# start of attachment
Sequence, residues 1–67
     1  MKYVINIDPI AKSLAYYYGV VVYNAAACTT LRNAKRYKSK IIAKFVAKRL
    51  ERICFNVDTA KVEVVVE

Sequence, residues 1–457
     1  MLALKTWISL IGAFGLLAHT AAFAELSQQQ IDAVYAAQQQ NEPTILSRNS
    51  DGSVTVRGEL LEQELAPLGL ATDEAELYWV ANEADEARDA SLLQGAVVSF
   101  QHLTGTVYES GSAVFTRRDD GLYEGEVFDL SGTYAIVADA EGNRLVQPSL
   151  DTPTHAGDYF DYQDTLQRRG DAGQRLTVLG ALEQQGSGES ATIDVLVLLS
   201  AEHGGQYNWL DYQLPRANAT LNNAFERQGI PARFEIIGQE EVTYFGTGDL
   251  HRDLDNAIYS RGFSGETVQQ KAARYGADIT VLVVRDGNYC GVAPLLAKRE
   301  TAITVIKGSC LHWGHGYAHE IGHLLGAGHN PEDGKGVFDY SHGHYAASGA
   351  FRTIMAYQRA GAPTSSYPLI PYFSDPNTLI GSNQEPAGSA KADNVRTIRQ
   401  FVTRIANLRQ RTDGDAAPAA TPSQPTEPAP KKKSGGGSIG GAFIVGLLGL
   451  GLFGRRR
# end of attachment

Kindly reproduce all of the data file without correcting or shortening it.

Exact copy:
Sequence, residues 1–67
     1  MKYVINIDPI AKSLAYYYGV VVYNAAACTT LRNAKRYKSK IIAKFVAKRL
    51  ERICFNVDTA KVEVVVE

Sequence, residues 1–457
     1  MLALKTWISL IGAFGLLAHT AAFAELSQQQ IDAVYAAQQQ NEPTILSRNS
    51  DGSVTVRGEL LEQELAPLGL ATDEAELYWV ANEADEARDA SLLQGAVVSF
   101  QHLTGTVYES GSAVFTRRDD GLYEGEVFDL SGTYAIVADA EGNRLVQPSL
   151  DTPTHAGDYF DYQDTLQRRG DAGQRLTVLG ALEQQGSGES ATIDVLVLLS
   201  AEHGGQYNWL DYQLPRANAT LNNAFERQGI PARFEIIGQE EVTYFGTGDL
   251  HRDLDNAIYS RGFSGETVQQ KAARYGADIT VLVVRDGNYC GVAPLLAKRE
   301  TAITVIKGSC LHWGHGYAHE IGHLLGAGHN PEDGKGVFDY SHGHYAASGA
   351  FRTIMAYQRA GAPTSSYPLI PYFSDPNTLI GSNQEPAGSA KADNVRTIRQ
   401  FVTRIANLRQ RTDGDAAPAA TPSQPTEPAP KKKSGGGSIG GAFIVGLLGL
   451  GLFGRRR